LIST OF ACRONYMS
1.1. Country overview of land, agriculture, and food security issues
1.2. Scope and Methodology
2. Farming systems and CSA technologies and practices
2.1 Background on climate-smart agriculture
2.2 Climate-Smart Agriculture Practices and Technologies
2.3 CSA Programmes and Projects
2.4 Past and Present CSA
2.5 Constraints in Implementing CSA in Malawi
2.5.1. Land Pressure
2.5.2 Conventional land preparation practices
2.5.3 Scarcity of Resources
2.5.4. Lack of clear guidelines for a specific CSA practices
2.5.5 Lack of adequate financing
2.5.6 Summary of Opportunities and Constraints
3. CSA Policy framework in Malawi
3.1 Background Context
3.2 Key Policies and Institutions Relevant to CSA in Malawi
3.2.1 National Climate Change Policy
3.2.2 Agriculture and Food Security Policy (2006)
3.2.3 National Land Policy
3.2.4 Livestock Policy (2006)
3.2.5 National Environmental Policy
3.2.6 National Water Policy (2007)
3.2.7 Fisheries Policy (2001)/Fisheries Conservation and Management Act (1997). 21 3.2.8 Comprehensive Africa Agriculture Development Programme (2003).............. 22 3.2.9 Malawi National Forest Policy (1996)
3.3 Key Institutions
3.4 CSA Practices and Policies, Gender and Social Equity
4. Conclusions and recommendations
Annex 1: List of Stakeholders in Malawi
Annex 2: Comprehensive Policy Analysis
1. Introduction This report details the results of a comprehensive scoping and assessment study on ClimateSmart Agriculture (CSA) in Malawi. The Food Agriculture and Natural Resources Policy Analysis Network (FANRPAN) is implementing a programme that comprises a number of climate-smart agriculture (CSA) projects. The projects seek to (a) generate CSA researchbased evidence and address knowledge gaps; (b) strengthen CSA institutional capacity and support capacity building of young professional on CSA and food security research; (c) support advocacy campaigns for the development and implementation of responsive CSA policies; and (d) support the uptake of CSA best practices.
The overall objective of the FANRPAN CSA policy programme is to increase agricultural productivity and strengthen the resilience of vulnerable smallholder farmers to the impact of climate change. Specifically, under this programme FANRPAN sought to
a) Conduct comprehensive reviews of the existing CSA policy context;
b) Analyse gaps in the existing policy frameworks;
c) Identify relevant policy recommendations;
d) Develop and share policy recommendations (briefs) at national and regional levels.
The FANRPAN CSA programme currently covers 16 countries: Angola, Botswana, Democratic Republic of the Congo, Kenya, Lesotho, Madagascar, Malawi, Mauritius, Mozambique, Namibia, South Africa, Swaziland, Tanzania, Uganda, Zambia and Zimbabwe.
1.1. Country overview of land, agriculture, and food security issues Malawi is a land-locked country located in south-east Africa lying along a sector of the East African Rift Valley between latitudes 90and 180S, and longitudes 330and 360E. The country’s territorial area is slightly over 118,000 square kilometres, of which 61% is arable land, 20% is taken up by the lakes and the remaining 19% is covered by forest reserves, human settlement and public infrastructure.
The agriculture sector is the backbone of Malawi’s economy. Agriculture generates over a third of the country’s gross domestic product (GDP) and 90 percent of its export revenues (CIA 2012). While tobacco, sugar, coffee and tea are Malawi’s primary cash crops, corn is the primary staple of domestic consumption. More than 90% of the people, mainly comprising resource-poor rural communities, are predominantly engaged in subsistence rain-fed agriculture, 60% of whom are food insecure on a year-round-basis. The food security situation that has been exacerbated by increasing poverty and population pressures on a limited land resource base, low economic productivity of the land, labour and capital, and extreme weather events due to climate variability, and low capacity to adapt to the adverse impacts of climate change. More than 40 percent of the smallholder farms cultivate fewer than 0.5 hectares on average, much of which is over-cultivated and under corn production (WFP 2010).Agricultural expansion to marginal lands and deforestation, inadequate knowledge and skills in the productive use and management of land and natural resources, inadequate access to land and credit, poor health services, and gender inequalities have led to female- and children-headed households, the elderly and women to be the most vulnerable.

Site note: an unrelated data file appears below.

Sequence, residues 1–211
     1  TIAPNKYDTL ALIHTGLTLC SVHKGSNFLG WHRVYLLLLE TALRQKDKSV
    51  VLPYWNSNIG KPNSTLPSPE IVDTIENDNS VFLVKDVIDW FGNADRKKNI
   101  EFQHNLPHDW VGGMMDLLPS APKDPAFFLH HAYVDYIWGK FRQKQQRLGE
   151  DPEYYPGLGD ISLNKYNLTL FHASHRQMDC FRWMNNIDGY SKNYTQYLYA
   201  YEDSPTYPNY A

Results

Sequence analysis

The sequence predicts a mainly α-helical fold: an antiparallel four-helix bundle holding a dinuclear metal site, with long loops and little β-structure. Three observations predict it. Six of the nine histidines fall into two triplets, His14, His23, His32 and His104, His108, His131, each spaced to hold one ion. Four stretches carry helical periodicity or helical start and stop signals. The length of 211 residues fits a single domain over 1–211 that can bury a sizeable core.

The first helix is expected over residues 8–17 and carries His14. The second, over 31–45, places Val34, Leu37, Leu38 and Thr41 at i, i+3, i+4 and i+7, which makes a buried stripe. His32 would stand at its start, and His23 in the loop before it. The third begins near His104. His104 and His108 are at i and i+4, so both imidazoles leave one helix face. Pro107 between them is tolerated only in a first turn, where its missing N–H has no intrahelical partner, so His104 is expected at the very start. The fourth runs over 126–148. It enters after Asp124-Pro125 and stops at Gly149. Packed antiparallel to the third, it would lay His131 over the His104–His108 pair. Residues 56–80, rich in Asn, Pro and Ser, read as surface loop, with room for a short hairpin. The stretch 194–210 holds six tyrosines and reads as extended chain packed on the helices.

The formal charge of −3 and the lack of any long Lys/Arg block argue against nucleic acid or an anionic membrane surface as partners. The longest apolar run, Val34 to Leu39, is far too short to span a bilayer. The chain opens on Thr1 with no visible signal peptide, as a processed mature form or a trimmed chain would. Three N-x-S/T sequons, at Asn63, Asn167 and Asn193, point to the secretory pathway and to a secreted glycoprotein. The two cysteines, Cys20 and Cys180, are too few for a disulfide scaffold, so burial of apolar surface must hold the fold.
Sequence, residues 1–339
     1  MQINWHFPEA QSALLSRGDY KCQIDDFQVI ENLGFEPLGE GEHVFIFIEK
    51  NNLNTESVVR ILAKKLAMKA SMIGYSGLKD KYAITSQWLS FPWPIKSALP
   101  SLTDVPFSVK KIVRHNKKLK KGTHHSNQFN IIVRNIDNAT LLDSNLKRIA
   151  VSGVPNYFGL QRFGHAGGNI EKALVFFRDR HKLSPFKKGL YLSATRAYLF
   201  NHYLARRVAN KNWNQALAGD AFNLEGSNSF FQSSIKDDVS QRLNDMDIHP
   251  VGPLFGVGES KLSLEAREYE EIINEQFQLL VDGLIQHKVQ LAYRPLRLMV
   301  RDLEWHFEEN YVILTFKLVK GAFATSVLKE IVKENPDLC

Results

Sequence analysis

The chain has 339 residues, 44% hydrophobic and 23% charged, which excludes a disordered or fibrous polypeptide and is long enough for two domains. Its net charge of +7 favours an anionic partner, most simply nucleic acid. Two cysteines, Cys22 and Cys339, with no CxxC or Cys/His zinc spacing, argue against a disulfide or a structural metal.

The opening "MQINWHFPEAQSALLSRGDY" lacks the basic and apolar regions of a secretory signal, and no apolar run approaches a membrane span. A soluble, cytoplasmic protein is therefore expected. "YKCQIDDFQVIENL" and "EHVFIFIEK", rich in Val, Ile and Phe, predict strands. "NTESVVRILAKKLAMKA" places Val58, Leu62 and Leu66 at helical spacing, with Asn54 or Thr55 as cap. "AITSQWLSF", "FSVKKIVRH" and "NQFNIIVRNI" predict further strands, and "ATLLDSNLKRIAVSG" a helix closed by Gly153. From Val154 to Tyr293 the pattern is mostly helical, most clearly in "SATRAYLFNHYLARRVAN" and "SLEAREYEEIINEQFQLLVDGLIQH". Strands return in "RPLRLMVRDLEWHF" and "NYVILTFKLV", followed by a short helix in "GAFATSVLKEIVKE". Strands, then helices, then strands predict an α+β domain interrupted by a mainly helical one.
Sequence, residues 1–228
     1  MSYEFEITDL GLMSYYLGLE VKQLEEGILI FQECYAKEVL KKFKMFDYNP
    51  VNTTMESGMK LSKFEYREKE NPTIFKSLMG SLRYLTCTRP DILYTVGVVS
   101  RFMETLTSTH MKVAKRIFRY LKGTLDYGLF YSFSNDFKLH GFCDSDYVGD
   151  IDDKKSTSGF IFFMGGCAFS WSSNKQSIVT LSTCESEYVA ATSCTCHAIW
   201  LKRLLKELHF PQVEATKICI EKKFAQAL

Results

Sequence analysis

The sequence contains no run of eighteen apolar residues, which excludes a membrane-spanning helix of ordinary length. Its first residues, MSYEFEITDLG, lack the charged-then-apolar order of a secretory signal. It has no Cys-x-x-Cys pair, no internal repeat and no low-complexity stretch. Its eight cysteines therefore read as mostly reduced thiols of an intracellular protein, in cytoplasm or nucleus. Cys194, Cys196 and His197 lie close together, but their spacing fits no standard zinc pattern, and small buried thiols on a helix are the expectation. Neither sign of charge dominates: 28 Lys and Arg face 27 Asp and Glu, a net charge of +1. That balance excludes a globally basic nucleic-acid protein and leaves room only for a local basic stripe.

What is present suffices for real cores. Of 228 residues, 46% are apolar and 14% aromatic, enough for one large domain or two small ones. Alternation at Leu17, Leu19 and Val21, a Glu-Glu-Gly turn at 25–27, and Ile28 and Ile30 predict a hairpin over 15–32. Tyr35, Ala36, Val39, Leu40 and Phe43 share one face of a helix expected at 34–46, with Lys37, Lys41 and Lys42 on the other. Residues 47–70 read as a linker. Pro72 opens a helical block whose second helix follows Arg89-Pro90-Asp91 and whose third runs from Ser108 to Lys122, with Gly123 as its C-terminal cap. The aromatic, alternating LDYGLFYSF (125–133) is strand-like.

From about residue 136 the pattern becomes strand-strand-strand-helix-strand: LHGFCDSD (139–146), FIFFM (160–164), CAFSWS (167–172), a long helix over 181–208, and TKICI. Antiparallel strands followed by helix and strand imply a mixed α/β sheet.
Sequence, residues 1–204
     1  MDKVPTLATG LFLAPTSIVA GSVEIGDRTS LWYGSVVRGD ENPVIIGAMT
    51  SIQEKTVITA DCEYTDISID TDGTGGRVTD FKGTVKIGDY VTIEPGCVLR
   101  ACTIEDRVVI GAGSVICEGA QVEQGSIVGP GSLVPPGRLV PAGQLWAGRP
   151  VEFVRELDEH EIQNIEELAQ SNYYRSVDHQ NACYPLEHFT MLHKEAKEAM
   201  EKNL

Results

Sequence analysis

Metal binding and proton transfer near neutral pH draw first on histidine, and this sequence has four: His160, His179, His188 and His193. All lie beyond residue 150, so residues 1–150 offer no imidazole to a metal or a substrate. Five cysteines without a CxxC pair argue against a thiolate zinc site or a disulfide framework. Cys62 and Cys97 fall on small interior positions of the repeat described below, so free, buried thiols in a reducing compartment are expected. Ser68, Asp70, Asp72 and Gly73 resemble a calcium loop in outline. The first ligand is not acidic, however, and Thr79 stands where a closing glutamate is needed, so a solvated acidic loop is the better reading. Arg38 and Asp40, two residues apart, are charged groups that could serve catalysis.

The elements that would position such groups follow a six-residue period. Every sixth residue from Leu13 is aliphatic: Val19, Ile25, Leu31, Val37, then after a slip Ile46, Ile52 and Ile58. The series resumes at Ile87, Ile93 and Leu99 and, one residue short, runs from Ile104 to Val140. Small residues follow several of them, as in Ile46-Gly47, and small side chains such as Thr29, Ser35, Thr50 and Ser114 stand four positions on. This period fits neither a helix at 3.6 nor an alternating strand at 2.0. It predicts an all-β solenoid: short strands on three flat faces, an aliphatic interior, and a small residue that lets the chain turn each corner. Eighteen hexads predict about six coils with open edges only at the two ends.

1.2. Scope and Methodology The CSA scoping studies addressed five key issues. First the studies addressed what is known on CSA and what gaps exist based on national, regional and international CSA literature.
Second the studies looked at the current CSA related policies of the country (including environmental policies, water policies, agricultural policies, land policies and development policies). Third the studies identified current on-going CSA development and research programme initiatives in the study country. Fourth national CSA institutional arrangements and how different stakeholders are involved were identified. Lastly the performance of current CSA policies and their major gaps were analysed.
To cover the five key issues outlined above, the study employed two major methods of data collection: (a) a review of relevant documents and (b) key informant interviews / consultations.
A number of relevant documents were reviewed in the course of this study. The documents included research documents, national policies (especially Malawi Government Policies) and project documents sourced from various organisations. The organisations that were contacted are listed in the Appendix 1 of this report. Fifteen key-informant interviews were also conducted. The key informants included some researchers skilled in CSA, Government officials, members of the Civil Societies and NGOs who have been involved in CSA in Malawi.
Furthermore, a national dialogue on CSA was organised by FANRPAN on 26 February, 2014 in Lilongwe City where the preliminary findings of this report were presented. The workshop attracted the participation several organisations involved in CSA. The delegates provided their comments to the report and provided more insights to the study team which helped to improve the report. Comments were also solicited from anonymous reviewers identified by FANRPAN and all these comments were considered in the revision of the report.
2. Farming systems and CSA technologies and practices